Arvind Hari and his wife Kapila are no ordinary cricket fans. The Johannesburg-based third-generation Indians — Kapila’s great grand parents migrated from Gujarat — have been India supporters for the last 17 years and are now friends of several cricketers.
Hari, 48, is a chartered accountant while Kapila, 43, is a doctor. The couple, who have no children, plan their annual holidays two years in advance so that they can watch the Indians in action overseas.
“Growing up during the apartheid era, we had an Indian identity than the South African identity. At that stage, we started supporting India. We have now come to a stage where we are supporting friends rather than a team,” Kapila said.
The couple, who were planning to travel to India to watch the IPL, went instead to Cape Town for the first weekend and are waiting to catch up with friends during games in Johannesburg and Centurion.
The couple has watched India on tours everywhere except for Sri Lanka and New Zealand. The Headingley Test of 2002, the India-Australia ODI in Sharjah 1998 that Sachin Tendulkar won for India, India beating Pakistan in 2003 World Cup are some of their favourite memories.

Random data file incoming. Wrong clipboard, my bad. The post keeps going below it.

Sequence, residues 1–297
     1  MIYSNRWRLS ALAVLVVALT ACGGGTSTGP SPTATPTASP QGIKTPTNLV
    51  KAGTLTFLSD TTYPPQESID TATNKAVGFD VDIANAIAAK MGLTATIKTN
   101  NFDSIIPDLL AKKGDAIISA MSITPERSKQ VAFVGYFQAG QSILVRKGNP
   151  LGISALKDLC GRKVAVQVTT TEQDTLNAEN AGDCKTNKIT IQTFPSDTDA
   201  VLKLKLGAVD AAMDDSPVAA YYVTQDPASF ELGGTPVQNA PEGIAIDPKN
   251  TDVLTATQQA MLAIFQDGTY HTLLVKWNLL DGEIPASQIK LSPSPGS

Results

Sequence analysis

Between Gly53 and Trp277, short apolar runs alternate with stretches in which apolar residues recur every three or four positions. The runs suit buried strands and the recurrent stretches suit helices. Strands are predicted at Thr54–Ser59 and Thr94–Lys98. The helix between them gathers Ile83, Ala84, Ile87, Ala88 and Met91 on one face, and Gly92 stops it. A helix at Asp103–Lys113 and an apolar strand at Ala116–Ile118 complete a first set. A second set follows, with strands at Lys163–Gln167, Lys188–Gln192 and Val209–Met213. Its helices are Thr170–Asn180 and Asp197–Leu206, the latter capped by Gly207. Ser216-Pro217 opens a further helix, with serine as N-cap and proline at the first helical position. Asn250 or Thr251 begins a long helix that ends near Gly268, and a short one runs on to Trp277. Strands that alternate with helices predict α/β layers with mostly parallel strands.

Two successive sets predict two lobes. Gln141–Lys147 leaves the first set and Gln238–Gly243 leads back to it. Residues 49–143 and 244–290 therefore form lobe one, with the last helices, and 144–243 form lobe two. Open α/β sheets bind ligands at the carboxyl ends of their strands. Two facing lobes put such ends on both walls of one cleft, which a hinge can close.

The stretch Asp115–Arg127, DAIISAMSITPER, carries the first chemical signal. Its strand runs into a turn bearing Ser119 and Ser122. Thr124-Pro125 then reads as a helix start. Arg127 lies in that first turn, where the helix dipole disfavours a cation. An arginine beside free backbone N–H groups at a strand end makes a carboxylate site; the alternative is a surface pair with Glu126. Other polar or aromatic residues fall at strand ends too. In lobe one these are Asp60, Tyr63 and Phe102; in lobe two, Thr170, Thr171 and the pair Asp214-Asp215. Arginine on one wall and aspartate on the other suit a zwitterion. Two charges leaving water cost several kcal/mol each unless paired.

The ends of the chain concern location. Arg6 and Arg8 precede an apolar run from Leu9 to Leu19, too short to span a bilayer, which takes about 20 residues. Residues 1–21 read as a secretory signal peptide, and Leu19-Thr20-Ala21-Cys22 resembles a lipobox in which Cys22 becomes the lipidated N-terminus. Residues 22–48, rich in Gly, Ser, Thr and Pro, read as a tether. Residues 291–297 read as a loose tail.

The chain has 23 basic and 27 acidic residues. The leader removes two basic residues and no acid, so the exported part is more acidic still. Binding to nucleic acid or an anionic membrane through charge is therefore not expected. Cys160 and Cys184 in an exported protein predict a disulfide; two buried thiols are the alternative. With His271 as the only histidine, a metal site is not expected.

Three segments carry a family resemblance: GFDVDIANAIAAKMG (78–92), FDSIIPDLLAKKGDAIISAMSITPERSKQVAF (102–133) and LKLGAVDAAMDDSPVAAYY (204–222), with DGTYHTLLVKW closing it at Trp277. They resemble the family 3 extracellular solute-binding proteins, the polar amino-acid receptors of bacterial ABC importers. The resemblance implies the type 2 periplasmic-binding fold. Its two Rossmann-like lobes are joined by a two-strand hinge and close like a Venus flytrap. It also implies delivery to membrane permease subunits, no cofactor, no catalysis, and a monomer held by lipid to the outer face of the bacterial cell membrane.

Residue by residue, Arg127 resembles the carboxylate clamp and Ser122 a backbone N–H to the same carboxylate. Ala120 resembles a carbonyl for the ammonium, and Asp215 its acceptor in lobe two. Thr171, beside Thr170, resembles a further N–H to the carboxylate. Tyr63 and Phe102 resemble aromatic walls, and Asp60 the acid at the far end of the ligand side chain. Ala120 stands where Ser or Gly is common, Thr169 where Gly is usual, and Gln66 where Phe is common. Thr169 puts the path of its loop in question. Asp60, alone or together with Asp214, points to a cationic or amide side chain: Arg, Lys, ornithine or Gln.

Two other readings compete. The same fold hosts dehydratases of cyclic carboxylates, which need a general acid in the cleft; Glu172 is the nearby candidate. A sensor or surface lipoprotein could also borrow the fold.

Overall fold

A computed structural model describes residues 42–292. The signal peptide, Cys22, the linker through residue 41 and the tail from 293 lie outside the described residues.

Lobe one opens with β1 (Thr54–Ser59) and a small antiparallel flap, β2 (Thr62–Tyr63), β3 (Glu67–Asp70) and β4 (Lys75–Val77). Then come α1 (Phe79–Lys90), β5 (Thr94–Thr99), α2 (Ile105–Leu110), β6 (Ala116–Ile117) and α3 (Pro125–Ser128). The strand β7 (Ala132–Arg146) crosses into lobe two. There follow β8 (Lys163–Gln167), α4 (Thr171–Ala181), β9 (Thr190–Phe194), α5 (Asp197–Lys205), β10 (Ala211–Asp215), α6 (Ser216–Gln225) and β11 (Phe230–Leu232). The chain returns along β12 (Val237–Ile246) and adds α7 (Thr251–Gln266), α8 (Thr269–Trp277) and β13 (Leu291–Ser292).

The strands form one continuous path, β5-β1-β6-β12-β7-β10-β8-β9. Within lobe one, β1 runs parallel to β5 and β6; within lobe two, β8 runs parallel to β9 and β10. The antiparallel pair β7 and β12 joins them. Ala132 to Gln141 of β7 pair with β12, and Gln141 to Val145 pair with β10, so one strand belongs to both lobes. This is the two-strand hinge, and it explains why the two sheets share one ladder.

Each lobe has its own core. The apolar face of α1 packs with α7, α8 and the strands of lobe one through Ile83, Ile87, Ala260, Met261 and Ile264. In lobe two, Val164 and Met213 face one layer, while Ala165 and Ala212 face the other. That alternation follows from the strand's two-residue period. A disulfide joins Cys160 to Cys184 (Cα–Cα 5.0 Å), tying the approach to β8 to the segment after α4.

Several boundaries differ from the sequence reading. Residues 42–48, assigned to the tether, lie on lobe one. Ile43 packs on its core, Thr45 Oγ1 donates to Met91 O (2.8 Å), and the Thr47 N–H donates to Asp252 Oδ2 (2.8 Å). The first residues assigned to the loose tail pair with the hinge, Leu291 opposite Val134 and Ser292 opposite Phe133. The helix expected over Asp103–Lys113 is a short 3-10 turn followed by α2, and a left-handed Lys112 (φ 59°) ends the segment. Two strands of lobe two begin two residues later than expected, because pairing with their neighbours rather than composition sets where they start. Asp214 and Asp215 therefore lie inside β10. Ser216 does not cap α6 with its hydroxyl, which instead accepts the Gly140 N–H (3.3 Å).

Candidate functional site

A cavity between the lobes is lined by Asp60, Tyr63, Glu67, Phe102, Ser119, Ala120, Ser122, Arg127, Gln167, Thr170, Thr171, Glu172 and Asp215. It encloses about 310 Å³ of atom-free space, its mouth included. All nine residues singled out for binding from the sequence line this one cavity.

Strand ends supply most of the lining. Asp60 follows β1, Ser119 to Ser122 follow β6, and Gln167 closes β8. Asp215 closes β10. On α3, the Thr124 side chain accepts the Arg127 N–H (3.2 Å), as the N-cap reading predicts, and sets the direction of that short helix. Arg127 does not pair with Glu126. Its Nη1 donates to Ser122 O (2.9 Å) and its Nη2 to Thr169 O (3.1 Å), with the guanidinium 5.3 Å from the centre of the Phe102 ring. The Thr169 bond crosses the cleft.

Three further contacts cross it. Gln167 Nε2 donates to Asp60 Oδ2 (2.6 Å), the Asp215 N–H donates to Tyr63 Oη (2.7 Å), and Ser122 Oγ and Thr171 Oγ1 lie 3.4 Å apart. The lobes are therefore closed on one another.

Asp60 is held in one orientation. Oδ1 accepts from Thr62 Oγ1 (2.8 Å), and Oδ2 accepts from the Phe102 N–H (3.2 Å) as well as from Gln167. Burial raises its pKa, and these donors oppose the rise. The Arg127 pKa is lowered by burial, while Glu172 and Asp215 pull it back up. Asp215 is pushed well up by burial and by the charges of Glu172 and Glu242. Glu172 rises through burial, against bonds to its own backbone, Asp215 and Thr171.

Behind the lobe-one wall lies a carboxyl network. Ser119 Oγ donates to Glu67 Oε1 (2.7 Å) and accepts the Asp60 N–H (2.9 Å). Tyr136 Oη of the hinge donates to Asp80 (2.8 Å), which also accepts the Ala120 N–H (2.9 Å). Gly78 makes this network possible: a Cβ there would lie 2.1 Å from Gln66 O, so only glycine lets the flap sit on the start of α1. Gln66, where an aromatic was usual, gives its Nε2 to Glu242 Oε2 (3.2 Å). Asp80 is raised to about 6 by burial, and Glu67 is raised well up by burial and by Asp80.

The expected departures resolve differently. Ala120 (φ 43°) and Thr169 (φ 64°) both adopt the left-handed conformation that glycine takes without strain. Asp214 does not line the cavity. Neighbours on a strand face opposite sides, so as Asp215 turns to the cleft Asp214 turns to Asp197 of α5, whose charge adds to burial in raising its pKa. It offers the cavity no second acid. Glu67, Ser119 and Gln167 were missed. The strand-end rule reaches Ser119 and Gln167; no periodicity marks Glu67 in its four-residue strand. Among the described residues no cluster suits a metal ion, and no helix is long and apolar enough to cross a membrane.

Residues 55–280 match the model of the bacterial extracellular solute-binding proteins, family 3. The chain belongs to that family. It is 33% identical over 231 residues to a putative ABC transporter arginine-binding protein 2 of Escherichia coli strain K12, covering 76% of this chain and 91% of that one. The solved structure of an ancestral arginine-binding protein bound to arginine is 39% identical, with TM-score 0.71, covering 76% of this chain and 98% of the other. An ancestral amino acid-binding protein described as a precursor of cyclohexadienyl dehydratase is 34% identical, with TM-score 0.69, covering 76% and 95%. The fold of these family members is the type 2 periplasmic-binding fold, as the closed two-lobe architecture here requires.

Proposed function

They have plenty of anecdotes about the players, but won’t carry tales. “Having known the players well, I don’t wish to recount those stories,” said Kapila. The couple does not go to the stadium to watch any visiting team bar the Indians. “It all began from India’s first tour of South Africa in 1992,” said Kapila.
“There is so much cricket that new players become known commodities. We did not know what to expect initially from T20 but after last year's IPL, we are enjoying watching the tournament this time around.”